Close your eyes and take yourself to the most beautiful landscape you have ever been to, whether that be the enormous mountain ranges of the Rocky’s or the vast desert in the Sahara.

Now ask yourself, if you could be there right now, would you?

As an American with a passion for the environment, I knew Norway was the logical choice to do my study abroad. Norway is known worldwide for its beautiful landscapes and unusual nature, an environment they are proud to protect at all costs. I stayed up until 5 a.m. with the Norwegians patiently watching as the votes kept rolling in; he won Florida and Ohio, major victories for a not-so-major candidate.

Being part of a culture that puts a price on carbon, powers the whole country on renewable energy, and sets strict oil drilling regulations has opened my eyes to where the U.S could be in several years. Days turned into weeks, and I quickly understood why the second question after “Where are you from?” was “and what do you think of this election?!” There is little more to say than “I sent in my absentee ballot,” sitting back and hoping for the best.

My biggest worry with a Trump presidency is not for you and me — we’ll live. My biggest concern is for the inhabitants of our planet who don't have a voice. It is for the whales in our blue oceans, for the wolves in our plains, and the beautiful oak trees of our forest's. We must use our voice, for our environment to be heard. It is more important than ever, to take climate change seriously. With climbing declines in staples of our ecosystem we may soon have a planet with billions of humans, but nothing wild. A growing threat of climate change deniers plan to take power in the White House, and not only stop funding climate change initiatives but also revoke our participation in the Paris Agreement*. It has become our responsibility not only as American citizens but as the human race to take our power in numbers and do the best to make the Planet you and I live on last for many generations to come.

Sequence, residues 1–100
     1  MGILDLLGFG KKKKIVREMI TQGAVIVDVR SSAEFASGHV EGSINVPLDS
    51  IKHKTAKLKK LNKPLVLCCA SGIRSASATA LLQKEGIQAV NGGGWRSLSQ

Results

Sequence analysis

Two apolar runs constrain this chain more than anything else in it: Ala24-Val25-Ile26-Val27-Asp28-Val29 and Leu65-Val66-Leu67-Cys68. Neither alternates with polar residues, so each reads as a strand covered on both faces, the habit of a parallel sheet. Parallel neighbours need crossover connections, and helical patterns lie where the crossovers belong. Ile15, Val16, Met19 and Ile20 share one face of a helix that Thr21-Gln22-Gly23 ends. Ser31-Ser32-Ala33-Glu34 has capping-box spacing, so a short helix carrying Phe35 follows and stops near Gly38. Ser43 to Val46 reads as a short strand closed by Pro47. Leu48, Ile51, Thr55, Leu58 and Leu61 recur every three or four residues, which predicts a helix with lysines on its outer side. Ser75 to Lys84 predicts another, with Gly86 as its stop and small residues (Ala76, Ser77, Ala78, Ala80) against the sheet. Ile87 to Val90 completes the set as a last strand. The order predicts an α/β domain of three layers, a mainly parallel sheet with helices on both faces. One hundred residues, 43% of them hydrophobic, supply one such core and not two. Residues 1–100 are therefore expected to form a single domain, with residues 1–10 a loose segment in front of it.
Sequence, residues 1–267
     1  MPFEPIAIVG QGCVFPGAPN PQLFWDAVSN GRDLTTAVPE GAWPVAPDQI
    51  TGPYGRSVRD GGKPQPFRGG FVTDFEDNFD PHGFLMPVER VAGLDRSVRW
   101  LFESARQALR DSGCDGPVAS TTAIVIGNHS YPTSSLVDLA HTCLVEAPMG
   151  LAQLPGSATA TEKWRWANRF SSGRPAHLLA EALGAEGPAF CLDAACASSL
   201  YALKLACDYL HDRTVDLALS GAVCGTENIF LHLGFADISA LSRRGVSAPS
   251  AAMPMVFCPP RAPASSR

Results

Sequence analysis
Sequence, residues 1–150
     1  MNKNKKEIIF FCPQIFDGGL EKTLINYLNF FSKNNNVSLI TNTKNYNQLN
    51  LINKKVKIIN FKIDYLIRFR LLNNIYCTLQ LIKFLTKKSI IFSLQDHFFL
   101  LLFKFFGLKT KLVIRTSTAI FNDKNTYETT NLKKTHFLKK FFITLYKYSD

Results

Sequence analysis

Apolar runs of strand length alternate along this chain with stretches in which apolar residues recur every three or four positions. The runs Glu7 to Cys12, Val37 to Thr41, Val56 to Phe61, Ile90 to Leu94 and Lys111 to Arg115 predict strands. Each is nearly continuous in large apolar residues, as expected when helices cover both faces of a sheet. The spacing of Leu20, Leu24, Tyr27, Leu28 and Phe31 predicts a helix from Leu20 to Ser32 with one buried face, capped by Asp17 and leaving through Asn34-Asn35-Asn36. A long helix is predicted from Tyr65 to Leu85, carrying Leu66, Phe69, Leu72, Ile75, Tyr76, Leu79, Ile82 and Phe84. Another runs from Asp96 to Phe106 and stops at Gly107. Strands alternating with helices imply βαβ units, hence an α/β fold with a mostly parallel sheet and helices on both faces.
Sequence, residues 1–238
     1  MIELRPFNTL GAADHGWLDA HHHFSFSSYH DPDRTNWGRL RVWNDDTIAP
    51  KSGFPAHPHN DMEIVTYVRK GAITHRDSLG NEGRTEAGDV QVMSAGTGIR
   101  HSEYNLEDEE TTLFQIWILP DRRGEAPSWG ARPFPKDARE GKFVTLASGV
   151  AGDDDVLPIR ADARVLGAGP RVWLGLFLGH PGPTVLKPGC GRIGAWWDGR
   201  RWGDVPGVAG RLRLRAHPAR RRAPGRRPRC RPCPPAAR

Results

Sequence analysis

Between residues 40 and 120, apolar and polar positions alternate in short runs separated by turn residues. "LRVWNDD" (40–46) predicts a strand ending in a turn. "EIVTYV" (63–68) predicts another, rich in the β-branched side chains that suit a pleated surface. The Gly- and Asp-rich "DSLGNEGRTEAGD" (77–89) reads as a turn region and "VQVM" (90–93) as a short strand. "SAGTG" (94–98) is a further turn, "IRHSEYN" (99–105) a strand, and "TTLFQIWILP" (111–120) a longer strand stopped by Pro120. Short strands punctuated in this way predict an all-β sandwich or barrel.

Ways that you can help:

• Invest in renewable energy, to reduce the burning of coal and therefore CO2 emission being spewed out into our atmosphere. On average, 225 sq. feet of solar panels can create enough energy to power your home, with any extra energy being resold to the city.

• Stop eating red meat. It takes 2,500 gallons of water to produce one pound of meat, and if that is not enough to stop you- One head of cattle can produce between 70 and 120 kg of Methane per year. The adverse effect on the climate of Methane is 23 times higher than the effect of CO2.

• Get involved in organizations that promote sustainability and environmental stewardship. Texas A&M has many that make a real difference not only for campus but to promote an environmentally conscious lifestyle. Some examples are the Aggie Green Fund, Office of Sustainability, and the Environmental Issues Committee.

• Last but not least, vote in local elections. Many regulations to invest in our environment are not done through the federal government but rather through the state legislature and it is paramount to vote for the representatives that will give voice to those unheard.page1image30184

 Gideon Kotkowski
Agribusiness
Class of 2018 

*Paris Agreement is an agreement within the United Nations Framework Convention on Climate Change (UNFCCC) dealing with greenhouse gases emissions mitigation, adaptation and finance starting in the year 2020.

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